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Free cruise phone calls…
I’m not sure how I ended up on the call-list for the “free-cruise” promotion, but I’ve received the call more than one time! Finally, when I was actually in the market for a cruise, I went through with the phone call, and it actually landed me a great deal. Here’s how it went:
First, they use their sales pitch to convince you you would like to commit to the cruise, they get your travelers information, and explain that there are some costs involved, which they are not allowed to give away for free. These were fees associated with the ship, seas, or taxes, and they weren’t cheap.
The “free” cruise is real.
After getting signed up for the voucher that lasts 24-36 months, pay the mandatory fees, I’m told that I can sign-in online to search for dates on this particular cruise, simply call or fill out the online form to lock-in my reservations. Okay, this all checked out. Everyone pays the taxes and fees, the website actually works, the cruise is real. It’s a short cruise with limited available staterooms left. The basic dining package, and they can’t give you the port fees and taxes for free, so it’s not free.
They try to see what you can afford.
Something that happened in the phone call, was the option of course, to upgrade to a better room, add the drink package, upgrade to fine dining, among other things. In this case, I did not do any upgrades over the phone because I was of the mindset that I would keep it as cheap as possible.
There was an option to stay on Grand Bahama Island at their “all-inclusive” resort, where you would receive free meals, free use of the onsite amenities, and I believe there was a beach or shuttle to one included. 3-7 night stays were offered in the middle of the couple night cruise. I presume we’d have watched a presentation to make that place a part of our regular vacation plans.
After telling the sales person that I was satisfied with the transaction as it sat, my total was something like $150 for three people plus some money around $300 for the three of us at the time of booking. It was a two night cruise, one-day stop in Grand Bahama Island.
There are booking restrictions.
Fast forward to the booking, I called in, tried to get the date I wanted, and it wasn’t available. Make sure you check the limitations on booking- and remember them even after the initial sales phone call. I couldn’t get the cruise deal I paid for because it was less than 45 days until the cruise.
Instead, they offered me a couple nights’ stay at the resort in Grand Bahama Island, a night stay at select hotels in any city before or after the cruise, and complimentary meals for various portions of the trip. I’m not convinced this isn’t all part of the pitch.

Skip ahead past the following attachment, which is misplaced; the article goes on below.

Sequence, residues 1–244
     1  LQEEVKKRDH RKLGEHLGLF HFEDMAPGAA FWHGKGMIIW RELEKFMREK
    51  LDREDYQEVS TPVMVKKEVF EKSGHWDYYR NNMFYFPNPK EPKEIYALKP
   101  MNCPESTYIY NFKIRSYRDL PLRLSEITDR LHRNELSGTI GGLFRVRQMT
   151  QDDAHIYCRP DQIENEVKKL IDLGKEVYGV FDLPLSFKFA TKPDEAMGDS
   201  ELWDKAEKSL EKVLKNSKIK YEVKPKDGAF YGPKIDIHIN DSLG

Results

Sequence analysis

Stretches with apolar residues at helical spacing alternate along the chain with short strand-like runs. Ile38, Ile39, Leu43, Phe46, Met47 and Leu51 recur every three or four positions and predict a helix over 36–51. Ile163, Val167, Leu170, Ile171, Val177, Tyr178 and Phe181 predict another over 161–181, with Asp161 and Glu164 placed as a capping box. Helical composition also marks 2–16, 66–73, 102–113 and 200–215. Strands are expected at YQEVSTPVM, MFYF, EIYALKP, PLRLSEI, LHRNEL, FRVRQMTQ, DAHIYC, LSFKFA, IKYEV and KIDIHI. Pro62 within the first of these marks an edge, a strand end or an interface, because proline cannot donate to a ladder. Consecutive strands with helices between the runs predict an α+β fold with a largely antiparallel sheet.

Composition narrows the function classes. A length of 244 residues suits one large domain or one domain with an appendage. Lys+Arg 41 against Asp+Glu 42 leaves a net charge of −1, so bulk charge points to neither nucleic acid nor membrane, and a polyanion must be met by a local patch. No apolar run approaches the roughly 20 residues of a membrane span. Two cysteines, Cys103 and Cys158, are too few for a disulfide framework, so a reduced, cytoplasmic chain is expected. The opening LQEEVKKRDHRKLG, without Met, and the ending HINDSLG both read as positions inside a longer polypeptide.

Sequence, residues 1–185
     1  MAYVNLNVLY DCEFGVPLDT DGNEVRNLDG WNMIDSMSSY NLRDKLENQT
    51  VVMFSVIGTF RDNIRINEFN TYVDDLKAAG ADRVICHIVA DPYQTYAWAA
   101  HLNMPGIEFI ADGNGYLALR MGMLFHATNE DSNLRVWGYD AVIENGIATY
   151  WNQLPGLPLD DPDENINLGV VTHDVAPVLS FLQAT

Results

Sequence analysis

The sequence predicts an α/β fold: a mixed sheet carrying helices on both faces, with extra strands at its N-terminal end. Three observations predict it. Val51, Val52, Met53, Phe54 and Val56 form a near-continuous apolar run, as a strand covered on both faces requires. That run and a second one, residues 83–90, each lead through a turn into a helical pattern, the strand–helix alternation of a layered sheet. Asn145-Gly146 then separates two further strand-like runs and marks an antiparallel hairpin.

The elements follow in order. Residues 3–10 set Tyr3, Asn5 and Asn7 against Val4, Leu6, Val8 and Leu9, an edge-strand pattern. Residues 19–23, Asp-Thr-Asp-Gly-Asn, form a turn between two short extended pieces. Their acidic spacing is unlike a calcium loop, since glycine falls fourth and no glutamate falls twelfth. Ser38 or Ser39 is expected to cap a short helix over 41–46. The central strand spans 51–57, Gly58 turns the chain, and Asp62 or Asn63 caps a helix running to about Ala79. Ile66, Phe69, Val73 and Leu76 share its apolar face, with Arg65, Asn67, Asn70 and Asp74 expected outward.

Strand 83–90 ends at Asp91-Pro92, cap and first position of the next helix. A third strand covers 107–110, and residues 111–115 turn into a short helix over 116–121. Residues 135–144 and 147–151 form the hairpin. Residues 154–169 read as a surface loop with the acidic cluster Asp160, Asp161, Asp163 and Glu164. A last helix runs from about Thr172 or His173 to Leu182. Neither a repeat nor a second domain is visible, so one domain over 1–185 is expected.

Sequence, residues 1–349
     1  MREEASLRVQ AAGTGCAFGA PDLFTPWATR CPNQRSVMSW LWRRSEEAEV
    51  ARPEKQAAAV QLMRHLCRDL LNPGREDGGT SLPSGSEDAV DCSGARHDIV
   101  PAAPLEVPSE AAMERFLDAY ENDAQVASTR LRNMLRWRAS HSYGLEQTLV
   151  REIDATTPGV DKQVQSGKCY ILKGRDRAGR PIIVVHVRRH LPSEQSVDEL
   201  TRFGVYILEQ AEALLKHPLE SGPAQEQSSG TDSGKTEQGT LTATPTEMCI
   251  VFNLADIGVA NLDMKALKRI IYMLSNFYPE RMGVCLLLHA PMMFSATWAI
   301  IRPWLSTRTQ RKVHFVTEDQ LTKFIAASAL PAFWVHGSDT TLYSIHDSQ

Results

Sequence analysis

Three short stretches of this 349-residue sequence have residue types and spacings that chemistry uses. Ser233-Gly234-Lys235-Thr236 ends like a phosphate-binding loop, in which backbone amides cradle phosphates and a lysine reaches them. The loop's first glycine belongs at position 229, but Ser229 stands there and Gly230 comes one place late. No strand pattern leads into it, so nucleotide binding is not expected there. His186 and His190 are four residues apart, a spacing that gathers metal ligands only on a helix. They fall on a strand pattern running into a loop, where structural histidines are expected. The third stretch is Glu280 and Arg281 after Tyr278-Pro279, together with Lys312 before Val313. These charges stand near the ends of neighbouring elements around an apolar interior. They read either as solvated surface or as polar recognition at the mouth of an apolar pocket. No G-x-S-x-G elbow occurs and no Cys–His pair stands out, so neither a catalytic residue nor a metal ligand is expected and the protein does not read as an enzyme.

Get the meal vouchers!
The complimentary meals part was a good deal. I’d sign up for that again. The hotel we stayed at who participated in this had a couple fast-food or sit-down options onsite, and almost anything was covered with the meal vouchers. We even were able to use it at other local restaurants inside participating hotels. We found one nearby by digging a little, and took advantage of it, get the meal vouchers if they offer them!
Resort stays were offered.
I ended up taking advantage of an offer they gave me for around $200. It was a 7 night stay at a local inland resort before or after my cruise dates. This was the best deal I found, by listening to the sales pitch I was greeted with when I couldn’t get the cruise date I wanted. I had the option to look online for the resort, see available dates, and book using my code from the original call.
The resort I picked was in Orlando, and I later found that it was a timeshare resort, where some people own a week of time there. I didn’t end up buying into this place, but I did enjoy my stay and I would stay there again at the price I had that year, for sure! I placed calls into the potential resorts before I made my decision, that paid off.
For tips on negotiating good perks on the phone with the sales person, subscribe here, it’s coming soon.
Get a babysitter during the presentation.
When I went in to get the vouchers, the free gifts, etc. I was met with the requirement to watch their “presentation.” We all know this was a sales pitch, and it was not a quick one. Don’t bring the kids to the presentation.
I got what they promised.
I did receive the $100 visa gift card they promised, the complimentary meal, the free meal vouchers, and the option to save more money on local attractions. The presentation could be shortened by using these simple tricks. We had a short window of time between the start of the presentation and when we had to be across the state to get on the cruise, so they had a short window of time to entice us.
Overall, I look back on that vacation and I loved the value that was offered. We saved a lot of money by taking the bate from the cruise phone call sales people, and saying no to a lot of upgrades and additional options.
Don’t buy a timeshare.
I ended up buying a timeshare, and I have a ton of ways to save money, now. I don’t recommend everyone buys a timeshare. I recommend taking advantage of someone like me, someone who has excess value in their timeshare; it is meant to be shared!
I use my timeshare points to accomplish the room, the flights, and rentals at a discount. You can, too, without all the hassle of buying your own. Whether you find a family friend or ask to be my guest.
Interested in knowing how I actually have lower prices, how you can be my guest and have legitimate reservations verifiable by phone directly to the resort or cruise line, and of course why shouldn’t everyone do it? Read this.